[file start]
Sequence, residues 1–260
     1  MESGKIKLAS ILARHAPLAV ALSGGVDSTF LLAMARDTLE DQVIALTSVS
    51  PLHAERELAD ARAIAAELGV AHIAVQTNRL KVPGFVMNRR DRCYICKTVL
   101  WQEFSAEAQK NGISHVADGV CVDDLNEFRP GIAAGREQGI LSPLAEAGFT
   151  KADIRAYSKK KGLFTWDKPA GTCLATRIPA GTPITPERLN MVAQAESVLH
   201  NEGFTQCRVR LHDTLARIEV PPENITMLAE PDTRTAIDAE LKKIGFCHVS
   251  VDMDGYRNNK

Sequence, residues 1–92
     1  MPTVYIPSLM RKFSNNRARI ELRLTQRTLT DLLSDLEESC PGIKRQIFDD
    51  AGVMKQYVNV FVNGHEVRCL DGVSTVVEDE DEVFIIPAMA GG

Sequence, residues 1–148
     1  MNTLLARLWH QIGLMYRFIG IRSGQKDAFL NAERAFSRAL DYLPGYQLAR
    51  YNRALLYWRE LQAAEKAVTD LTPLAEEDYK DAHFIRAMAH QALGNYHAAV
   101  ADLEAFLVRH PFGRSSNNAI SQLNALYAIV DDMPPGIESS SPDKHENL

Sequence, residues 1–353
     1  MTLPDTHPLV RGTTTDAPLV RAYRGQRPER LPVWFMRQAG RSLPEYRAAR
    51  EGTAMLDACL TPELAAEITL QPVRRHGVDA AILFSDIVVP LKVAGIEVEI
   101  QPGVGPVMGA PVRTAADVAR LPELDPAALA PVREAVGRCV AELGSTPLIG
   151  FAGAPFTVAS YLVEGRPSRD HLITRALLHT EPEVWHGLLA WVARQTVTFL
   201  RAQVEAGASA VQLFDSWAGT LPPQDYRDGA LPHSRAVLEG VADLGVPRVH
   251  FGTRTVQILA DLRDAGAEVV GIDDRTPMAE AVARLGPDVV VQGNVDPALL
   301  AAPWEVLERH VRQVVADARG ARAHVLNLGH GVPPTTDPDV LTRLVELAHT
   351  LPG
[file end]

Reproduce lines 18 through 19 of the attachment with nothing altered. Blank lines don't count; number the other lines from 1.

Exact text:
   101  QPGVGPVMGA PVRTAADVAR LPELDPAALA PVREAVGRCV AELGSTPLIG
   151  FAGAPFTVAS YLVEGRPSRD HLITRALLHT EPEVWHGLLA WVARQTVTFL